A January 24 raid in West St. Paul, Manitoba resulted in 79 sick and mistreated dogs being taken into custody, the Winniepeg Free Press reports. The residence, on the northern outskirts of Winnipeg, was the site of a backyard breeding operation, with the dogs living in crowded conditions in a large barn. The dogs were crowded into metal cages, three in each one. A number of breeding and animal cruelty laws were violated in the operation.
The raid came as a result of complaints from neighbors about the deplorable conditions the dogs were living in. When the dogs were taken into custody, many had a host of health problems, including gum disease and fleas. Almost all were thin, covered in feces and had been receiving no exercise.
Last week, the deadline for appeal of the seizure was reached. Since the owner chose not to file one (presumably to avoid any more bad publicity), the dogs officially passed into provincial custody and, through long-standing agreements, were moved to different shelters for veterinary care and eventual adoption. Ten moved to a no-kill shelter in Darcy. The rest are at the Winnipeg Humane Society.
None of the dogs have had to be euthanized. One dog has given birth to puppies, with two more still expecting. All need to be observed for temperament and emotional trauma before they can be considered for adoption. All dogs, adults and puppies, will be spayed and neutered as well.
Though there’s no set schedule, the dogs will become available for adoption a few at a time over the coming weeks. On their Facebook page, the Winnipeg Humane Society suggests potential adopters interested in a dog from the seizure fill out the adoption form as soon as possible. Due to the number of dogs and different medical conditions they are treating, it is impossible to say in advance how many dogs will become available for adoption on a given day. Adoption forms can be found here.
That concludes the breaking news portion of the article. At this point, I’d like to hop up on my soapbox. My family includes two WHS adoptees. Maxwell (tri-colour, top picture) came from a seizure much like this one, though smaller in scale. He’s not a purebred beagle, but probably his parents were close enough that someone thought they could make some good money with a breeding operation. We have precious little information about what this place was like, other than the physical and emotional scars.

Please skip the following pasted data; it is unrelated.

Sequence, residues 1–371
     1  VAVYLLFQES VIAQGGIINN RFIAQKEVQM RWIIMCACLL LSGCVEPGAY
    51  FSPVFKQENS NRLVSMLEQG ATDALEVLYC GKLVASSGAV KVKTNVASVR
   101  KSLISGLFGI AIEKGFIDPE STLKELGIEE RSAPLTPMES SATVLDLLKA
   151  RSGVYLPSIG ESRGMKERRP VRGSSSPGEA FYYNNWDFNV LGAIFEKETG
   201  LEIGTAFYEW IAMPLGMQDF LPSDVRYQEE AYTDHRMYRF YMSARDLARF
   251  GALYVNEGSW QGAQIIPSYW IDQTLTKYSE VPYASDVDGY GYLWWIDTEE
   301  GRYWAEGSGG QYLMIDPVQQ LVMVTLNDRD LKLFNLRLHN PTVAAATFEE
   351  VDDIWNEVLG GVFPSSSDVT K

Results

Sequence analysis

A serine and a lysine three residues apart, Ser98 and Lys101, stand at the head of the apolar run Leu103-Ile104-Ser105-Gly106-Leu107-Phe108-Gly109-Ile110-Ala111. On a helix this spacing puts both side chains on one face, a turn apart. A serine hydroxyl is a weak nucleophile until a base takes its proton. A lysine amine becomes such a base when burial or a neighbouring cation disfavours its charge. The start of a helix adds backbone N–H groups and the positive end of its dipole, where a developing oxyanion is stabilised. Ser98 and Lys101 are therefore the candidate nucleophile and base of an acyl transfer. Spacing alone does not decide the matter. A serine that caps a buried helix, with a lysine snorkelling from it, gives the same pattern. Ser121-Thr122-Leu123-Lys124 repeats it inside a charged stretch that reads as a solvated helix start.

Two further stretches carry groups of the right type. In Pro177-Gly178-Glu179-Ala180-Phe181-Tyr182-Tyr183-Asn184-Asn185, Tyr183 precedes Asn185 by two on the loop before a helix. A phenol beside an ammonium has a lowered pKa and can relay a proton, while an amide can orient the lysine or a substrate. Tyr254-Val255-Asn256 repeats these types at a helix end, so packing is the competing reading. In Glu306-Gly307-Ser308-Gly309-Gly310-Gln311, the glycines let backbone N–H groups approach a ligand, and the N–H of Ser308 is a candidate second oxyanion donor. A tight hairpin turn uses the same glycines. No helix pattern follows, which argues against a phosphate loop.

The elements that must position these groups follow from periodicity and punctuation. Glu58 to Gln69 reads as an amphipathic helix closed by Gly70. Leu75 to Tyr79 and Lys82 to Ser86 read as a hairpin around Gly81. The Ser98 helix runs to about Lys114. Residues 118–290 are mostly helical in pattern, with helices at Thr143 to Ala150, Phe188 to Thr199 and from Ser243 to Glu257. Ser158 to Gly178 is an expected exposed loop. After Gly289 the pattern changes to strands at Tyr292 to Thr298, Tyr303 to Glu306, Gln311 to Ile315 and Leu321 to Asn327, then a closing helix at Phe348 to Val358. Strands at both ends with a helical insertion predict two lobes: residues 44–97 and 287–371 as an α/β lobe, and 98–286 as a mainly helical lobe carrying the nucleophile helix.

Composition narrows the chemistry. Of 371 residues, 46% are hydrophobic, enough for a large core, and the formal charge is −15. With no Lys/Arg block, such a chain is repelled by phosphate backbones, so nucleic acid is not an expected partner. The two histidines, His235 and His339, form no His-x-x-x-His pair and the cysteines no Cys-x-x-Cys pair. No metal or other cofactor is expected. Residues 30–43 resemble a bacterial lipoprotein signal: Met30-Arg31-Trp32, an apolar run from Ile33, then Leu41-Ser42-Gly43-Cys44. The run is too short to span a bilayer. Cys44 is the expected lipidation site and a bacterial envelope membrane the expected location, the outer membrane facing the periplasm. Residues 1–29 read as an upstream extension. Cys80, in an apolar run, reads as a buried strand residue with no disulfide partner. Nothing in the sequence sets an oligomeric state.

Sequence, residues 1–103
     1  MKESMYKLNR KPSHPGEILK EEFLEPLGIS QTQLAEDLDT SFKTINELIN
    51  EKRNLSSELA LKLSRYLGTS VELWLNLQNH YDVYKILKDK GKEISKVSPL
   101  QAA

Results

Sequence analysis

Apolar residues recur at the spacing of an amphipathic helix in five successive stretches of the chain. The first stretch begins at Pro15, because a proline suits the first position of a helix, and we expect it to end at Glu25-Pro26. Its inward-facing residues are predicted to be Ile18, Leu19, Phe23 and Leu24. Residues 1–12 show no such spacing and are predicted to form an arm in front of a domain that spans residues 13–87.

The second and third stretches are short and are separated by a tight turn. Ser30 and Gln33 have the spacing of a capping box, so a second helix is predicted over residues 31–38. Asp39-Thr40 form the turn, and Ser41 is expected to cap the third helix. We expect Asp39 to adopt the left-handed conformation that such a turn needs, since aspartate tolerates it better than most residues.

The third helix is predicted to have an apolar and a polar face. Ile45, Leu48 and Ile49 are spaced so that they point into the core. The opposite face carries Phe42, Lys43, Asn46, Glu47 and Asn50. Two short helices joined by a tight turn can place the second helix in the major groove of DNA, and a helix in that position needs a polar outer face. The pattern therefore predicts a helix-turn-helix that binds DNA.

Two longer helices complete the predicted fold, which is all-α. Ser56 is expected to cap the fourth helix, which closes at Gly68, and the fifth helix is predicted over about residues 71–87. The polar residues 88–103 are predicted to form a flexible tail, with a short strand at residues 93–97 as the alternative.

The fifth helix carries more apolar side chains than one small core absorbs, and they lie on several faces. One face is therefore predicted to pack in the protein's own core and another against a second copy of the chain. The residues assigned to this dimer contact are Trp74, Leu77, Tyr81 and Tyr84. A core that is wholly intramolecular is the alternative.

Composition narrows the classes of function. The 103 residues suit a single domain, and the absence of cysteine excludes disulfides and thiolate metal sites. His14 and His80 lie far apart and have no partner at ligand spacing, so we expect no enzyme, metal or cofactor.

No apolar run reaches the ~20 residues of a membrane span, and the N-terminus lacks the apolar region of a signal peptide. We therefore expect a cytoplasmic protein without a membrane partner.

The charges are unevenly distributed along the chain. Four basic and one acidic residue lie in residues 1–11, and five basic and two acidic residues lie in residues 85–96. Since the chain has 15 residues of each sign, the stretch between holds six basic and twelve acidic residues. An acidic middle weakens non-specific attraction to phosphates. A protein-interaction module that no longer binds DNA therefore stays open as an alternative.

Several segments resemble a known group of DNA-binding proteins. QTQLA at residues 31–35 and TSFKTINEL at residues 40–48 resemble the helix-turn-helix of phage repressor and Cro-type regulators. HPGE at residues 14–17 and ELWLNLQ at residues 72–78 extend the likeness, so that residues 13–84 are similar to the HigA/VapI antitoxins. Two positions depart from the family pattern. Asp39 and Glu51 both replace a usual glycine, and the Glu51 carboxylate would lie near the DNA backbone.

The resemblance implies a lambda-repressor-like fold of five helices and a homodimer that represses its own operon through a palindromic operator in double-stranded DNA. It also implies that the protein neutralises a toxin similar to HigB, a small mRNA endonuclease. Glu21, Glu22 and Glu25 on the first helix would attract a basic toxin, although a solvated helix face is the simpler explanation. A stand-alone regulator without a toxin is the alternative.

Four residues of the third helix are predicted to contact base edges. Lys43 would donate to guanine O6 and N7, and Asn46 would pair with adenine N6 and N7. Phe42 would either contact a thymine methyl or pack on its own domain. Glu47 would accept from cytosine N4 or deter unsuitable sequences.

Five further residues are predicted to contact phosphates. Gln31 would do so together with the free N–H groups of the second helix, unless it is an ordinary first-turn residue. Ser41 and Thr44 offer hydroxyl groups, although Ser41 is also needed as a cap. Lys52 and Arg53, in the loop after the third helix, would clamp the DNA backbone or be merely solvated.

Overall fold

I usually avoid using the term “rescue” with reference to my adoptions. I feel it gives me undue credit. I’m not a hero, sweeping in to save the day with no thought to personal gain. I’m not a martyr, taking in a defective dog out of pity. I get far more out of the relationship than Maxwell does (who is, I’ll add, far from defective).
Having said that, Maxwell certainly was rescued — by the Humane Society. His early life was hell. His sister, who was adopted by another family member, is missing a part of her ear, apparently from frostbite. Maxwell himself remains extremely timid around strangers. What people did to him for his first six months left him with a persistent fear of anything that walks on two legs.
But there’s no point in denouncing the individuals who run these operations. They obviously have no concern about animal suffering and won’t be easily made to feel guilty. Our target has to be the people who keep them in business. Kids and kid-like parents who impulsively buy animals without thinking through the responsibility. People who think of dogs as trendy toys, and want one that looks a certain way instead of one whose emotional and physical needs match up with the family.
Adopt from a shelter, not a breeder — especially backyard breeders or puppy mill operations that mistreat their animals. Not from a pet store, which amounts to the same thing. If you do this, I don’t even have to remind you to spay or neuter your pets, since shelters will do this automatically before allowing any animal to be adopted.
Perhaps more importantly, tell your friends and family how you feel about this issue. Let them know the right way to adopt an animal. The people who keep these kinds of facilities in business aren’t outwardly malicious, but they’re clueless about the effects of their consumer actions. Help them to do better by educating them on the topic.
Photo credit: Vanessa Cruz-Gochez
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